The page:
Hart is a translator, not a theologian. But he cannot avoid theologizing along the way, and his translation would disappoint were it not rich in theological footnotes. I strongly recommend the extended footnote that commences on p. 296 in relation to the fifth chapter of Paul's letter to the church in Rome. The essence of Paul's message is that in one man [Adam] all humanity was condemned to death, yet in one man [Jesus] shall all be made alive. Hart would have us understand that there is no way this chapter cannot be read as anything less than a proclamation of universal salvation by way of the Christ event. That this reading runs totally contrary to the Augustinian/Calvinist "bad seed" understanding of the very same Letter to the Church at Rome need hardly be mentioned.

Scroll to Continue

Recommended Articles

Other Hart footnotes to Paul's letters likewise bear comment and reflection. For him there is no question that Junia, a powerful woman mentioned in Romans 16, was in fact a "capital A" Apostle (p. 317); there is likewise no question for Hart that the nastiness popping up at I Corinthians 14:34-35 ("women be silent") amounts to a later interpolation (p. 345); and for Hart there are lots of questions about whether the condemnation of "men who couple with catamites" in I Cor. 6:9, and in similar passages, can be equated to those whom we today classified as homosexuals (pp. 327-328).

But wait, there's more. In a concluding "scientific postscript" (so sorry, Soren K), Hart sorts through a range of important theological matters in helpful ways. He rebukes John Calvin in particular in relation to Calvin's ideas about predestination to eternal punishment (wrong!) and about the presumed uselessness of living a righteous life in view of the divine election. He demystifies and simplifies the notion of Christ's "ransom" for sinners. On the other hand, he complicates our notion of what the "Logos" of the prologue to the fourth Gospel means. And he reminds us that "soul" in the minds of these writers refers to one's whole being, not to some disembodied spirit.

All of these translator's bits and pieces merit our attention, but I strongly recommend the exhilaration of simply reading the texts themselves in a new voice.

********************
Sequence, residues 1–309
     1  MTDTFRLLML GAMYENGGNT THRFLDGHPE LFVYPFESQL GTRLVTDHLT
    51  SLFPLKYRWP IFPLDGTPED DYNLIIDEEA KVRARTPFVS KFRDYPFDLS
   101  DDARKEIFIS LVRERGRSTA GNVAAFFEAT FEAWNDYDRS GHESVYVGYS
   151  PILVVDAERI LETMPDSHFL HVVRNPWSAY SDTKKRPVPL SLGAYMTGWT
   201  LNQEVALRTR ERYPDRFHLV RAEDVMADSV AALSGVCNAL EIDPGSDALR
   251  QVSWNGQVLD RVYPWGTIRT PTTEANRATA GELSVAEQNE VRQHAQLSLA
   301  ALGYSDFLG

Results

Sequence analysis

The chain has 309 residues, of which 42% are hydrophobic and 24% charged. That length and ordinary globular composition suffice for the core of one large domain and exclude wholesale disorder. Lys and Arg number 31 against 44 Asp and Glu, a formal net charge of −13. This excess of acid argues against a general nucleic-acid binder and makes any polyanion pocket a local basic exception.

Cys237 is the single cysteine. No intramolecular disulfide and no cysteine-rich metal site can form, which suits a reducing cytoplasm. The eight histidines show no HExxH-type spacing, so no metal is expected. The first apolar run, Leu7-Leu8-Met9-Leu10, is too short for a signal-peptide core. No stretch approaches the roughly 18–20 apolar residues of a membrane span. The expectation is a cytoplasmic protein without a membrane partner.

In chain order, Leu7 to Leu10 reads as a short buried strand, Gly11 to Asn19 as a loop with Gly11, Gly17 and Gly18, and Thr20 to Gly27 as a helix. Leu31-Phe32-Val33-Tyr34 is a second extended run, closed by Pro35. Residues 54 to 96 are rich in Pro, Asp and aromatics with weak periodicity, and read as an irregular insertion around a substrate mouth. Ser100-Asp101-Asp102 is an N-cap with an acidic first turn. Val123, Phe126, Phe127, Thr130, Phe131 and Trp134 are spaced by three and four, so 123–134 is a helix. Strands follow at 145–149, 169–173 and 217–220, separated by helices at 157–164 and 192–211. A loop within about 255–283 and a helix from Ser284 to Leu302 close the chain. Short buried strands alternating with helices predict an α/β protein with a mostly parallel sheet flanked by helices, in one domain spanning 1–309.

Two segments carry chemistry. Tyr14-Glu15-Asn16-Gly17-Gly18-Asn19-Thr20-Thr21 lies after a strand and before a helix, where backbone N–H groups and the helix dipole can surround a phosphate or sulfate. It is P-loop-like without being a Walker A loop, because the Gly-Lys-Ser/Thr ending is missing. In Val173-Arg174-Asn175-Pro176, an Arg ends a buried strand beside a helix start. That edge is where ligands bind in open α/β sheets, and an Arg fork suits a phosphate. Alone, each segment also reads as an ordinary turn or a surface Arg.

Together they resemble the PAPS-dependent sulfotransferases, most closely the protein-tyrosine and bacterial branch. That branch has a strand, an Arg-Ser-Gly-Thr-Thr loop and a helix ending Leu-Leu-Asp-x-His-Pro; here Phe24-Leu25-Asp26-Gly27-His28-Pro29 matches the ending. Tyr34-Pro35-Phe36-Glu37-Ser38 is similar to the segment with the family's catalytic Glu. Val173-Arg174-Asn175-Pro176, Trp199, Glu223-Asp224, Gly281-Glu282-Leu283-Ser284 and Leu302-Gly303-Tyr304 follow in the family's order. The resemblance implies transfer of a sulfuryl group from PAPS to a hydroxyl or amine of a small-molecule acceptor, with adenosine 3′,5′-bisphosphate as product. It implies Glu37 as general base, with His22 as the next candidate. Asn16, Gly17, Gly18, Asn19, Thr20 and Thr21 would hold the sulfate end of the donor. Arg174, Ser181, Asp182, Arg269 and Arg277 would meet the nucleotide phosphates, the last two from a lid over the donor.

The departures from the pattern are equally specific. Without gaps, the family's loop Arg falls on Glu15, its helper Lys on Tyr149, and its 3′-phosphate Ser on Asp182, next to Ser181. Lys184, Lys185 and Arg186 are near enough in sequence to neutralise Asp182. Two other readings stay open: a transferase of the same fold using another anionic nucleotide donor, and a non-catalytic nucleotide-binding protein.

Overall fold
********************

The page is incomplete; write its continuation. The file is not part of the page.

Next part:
"Blissful" are those who hunger and thirst for righteousness? Yes, according to Hart: there's a bit of heavenly joy in following heaven's mandates. The Kingdom of God or the Reign of God? No, that's not quite right. The Greek suggests we simply refer to the "Age." Holy Spirit as Comforter or Counselor? "Advocate" is closer to the Greek. And please speak of "Cosmos" rather than "world" because what the first Christians were precisely not attached to was more of an unholy order than simply a set of material circumstances.

Which goes to the heart of the New Testament problem for us 21st-century folks. We face an unholy order of our own, but (unlike that ancient "rabble") we do not live in the expectation of imminent deliverance from the return in power of a victorious Jesus. Paul didn't think marriage mattered and thought it was best avoided, because it was plain to him that Jesus would be arriving at any minute. Paul and the rest of them lived in acute apocalyptic expectation, as those biblically savvy Germans of a century ago (Schweitzer, Bultmann, and others) took such pains to point out.

We, of course, know better. We have made the appropriate adjustments and accommodations. But what have we lost in the balance?

I merely put the question. Read D.B. Hart's translation and decide for yourself.

For bonus points, if you are into problematizing canonical texts, may I recommend a new volume of short reflections on texts from both testaments created by Canadian Mennonites and others who are unafraid to expose the raw and ongoing cruelties of white settler colonialism in North America and elsewhere. Unsettling the Word brings together more than 60 short reflection/reactions on some biblical texts that we love for their liberatory power as well as many other texts that we abhor on account of their sheer abhorrence. The latter are appropriately rebuked, needless to say.

The entire enterprise is rooted in the acute problem that W.E.B. Du Bois identified a century ago: that is, how is it possible to read the Bible into our corrupt social arrangements, when it's so clear that the entire spirit of the scriptures condemns those very same corrupt arrangements? There's actually a Reformation-era principle that can help here. The principle is that the actual canon is not the words contained in the 66 books of the Christian Bible. The actual canon is Jesus himself (his life and teaching) as a living Word, to which all other words are necessarily subordinated. Take that for what you will. It works for me.

peter laarman 2018

Peter Laarman
Religious Socialism

(Image: By Jonathan Dyck, from the cover of Unsettling the World.)